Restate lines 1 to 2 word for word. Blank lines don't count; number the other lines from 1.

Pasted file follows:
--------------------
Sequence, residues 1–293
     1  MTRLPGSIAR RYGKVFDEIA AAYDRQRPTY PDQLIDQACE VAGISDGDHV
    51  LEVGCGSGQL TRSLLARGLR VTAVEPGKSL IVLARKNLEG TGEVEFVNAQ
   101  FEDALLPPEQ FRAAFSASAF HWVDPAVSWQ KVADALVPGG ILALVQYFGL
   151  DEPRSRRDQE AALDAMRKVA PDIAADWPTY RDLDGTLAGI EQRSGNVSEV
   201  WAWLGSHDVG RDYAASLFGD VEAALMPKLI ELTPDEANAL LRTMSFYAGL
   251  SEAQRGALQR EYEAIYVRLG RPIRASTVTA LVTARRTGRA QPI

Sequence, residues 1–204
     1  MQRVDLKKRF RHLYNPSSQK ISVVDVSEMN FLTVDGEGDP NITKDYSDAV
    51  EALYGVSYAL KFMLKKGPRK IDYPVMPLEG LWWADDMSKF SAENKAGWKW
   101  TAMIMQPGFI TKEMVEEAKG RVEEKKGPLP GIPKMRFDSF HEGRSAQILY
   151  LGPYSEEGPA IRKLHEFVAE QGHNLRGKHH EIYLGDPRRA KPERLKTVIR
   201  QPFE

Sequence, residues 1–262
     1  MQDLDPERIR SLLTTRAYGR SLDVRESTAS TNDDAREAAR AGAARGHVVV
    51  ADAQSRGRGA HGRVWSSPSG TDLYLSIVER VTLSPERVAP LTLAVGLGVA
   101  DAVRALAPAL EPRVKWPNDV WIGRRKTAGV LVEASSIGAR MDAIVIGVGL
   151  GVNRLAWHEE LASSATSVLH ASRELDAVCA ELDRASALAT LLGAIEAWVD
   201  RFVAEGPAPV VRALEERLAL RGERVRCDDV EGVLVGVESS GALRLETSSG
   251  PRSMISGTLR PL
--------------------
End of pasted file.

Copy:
Sequence, residues 1–293
     1  MTRLPGSIAR RYGKVFDEIA AAYDRQRPTY PDQLIDQACE VAGISDGDHV